+In the name of the Father and of the Son and of the Holy Spirit.
You all probably know that Christmas is a twelve day season which concludes on the eve of the Epiphany, but when precisely does the season start? Sundown on the 24th? As soon as the liturgy of that evening starts? When you pop your Christmas crackers and light the pudding on fire? For some of us who love hymnody, there is a different, though admittedly highly subjective answer: The Chord. I’m referring here to the famous chord played in the last verse of Sir David Willcocks’ arrangement of Adeste Fidelis, “O Come All Ye Faithful.” For you musicologists out there it is a “B half-diminished seventh.” For those who aren’t musicologists, it’s that strange yet stirring sound, played at the word “Word.” (I’ve requested each organist I’ve ever had to make sure to pencil it into their hymnal, and Neil did yeoman’s work with it this year, unsurprisingly!) Some organists studiously (and perhaps a bit superstitiously) avoid using the chord at any moment during the year other than at the Christmas Eve mass.
I think it’s so popular because it’s so haunting and otherworldly. How appropriate that it is played over the word “Word”, for the divine Logos becoming flesh is a haunting and otherworldly event, that which is eternal–outside of history–invading our temporal, material universe. As an aside, I chose this Sunday’s bulletin cover image by my favorite modern artist, Joan Miró, because I think it does something in the visual medium that Sir David’s arrangement does in the musical medium. It baffles us and draws out an affective rather than intellectual response, and it might even disquiet us a bit. And it should, because we cannot completely integrate concepts like divinity and infinity into a purely rationalistic view of the created order. The same entering the created order is, thus, a shock to the system.
This isn’t to say we can’t say anything, at least analogically, about the relationship between the divine Word and the universe created and ordered by means of his eternal existence. This reading comes up every year, and I usually do try to say something about what a Christian metaphysics looks like. To merely say “it’s a mystery” is rather unsatisfying and dismissive, and it would surely lead to a failing grade on a systematic theology exam. But this year I want us simply to ponder this in our hearts, as our Lady did in response to the Annunciation when the Word of God actually became incarnate nine months prior to the Nativity. In order to appreciate the magnitude of the birth we must grapple with Christ’s eternal generation, his preëxistence from before time.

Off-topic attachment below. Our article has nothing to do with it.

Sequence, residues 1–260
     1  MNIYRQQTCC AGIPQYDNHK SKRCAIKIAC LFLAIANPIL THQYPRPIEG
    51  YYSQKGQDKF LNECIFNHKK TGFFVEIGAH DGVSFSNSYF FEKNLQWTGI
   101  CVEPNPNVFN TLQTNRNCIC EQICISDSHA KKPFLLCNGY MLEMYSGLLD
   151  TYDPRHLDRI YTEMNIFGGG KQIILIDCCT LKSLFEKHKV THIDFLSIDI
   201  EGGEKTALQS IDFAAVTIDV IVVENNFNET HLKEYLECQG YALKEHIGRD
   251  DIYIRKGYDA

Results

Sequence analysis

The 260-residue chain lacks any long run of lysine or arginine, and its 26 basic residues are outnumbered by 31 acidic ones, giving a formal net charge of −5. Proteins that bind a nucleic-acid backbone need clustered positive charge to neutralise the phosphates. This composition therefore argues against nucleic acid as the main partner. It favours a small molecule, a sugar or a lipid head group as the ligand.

The church father and “hammer of the Arians,” St. Hilary of Poitiers, wrote “I will not endure to hear that Christ was born of Mary unless I also hear ‘In the beginning was the Word, and the Word was God.’” You see, without this, what we heard on Christmas Eve was just a sweet story about a woman giving birth under less than ideal circumstances. When we acknowledge that this little baby is nothing less than the Lord of the Universe, that our very existence is contingent on his creative will, then what we’re talking about is the single most disruptive event in all of history.
So, today let us with gladness ponder this truth and all it means for us. He who made the world came into it as a child. The world which was made good and fell has been remade. Christ remains in his glorious, risen body, the first-fruits of all bodies which will be redeemed, and he comes to us still, his very body present on this altar. Let us go then, even unto Bethlehem, for today begins the work which is fulfilled on Calvary and in the empty tomb and which will find its consummation on that last great day when the trumpet shall sound and we shall all be raised incorruptible.
+In the name of the Father and of the Son and of the Holy Spirit. Amen.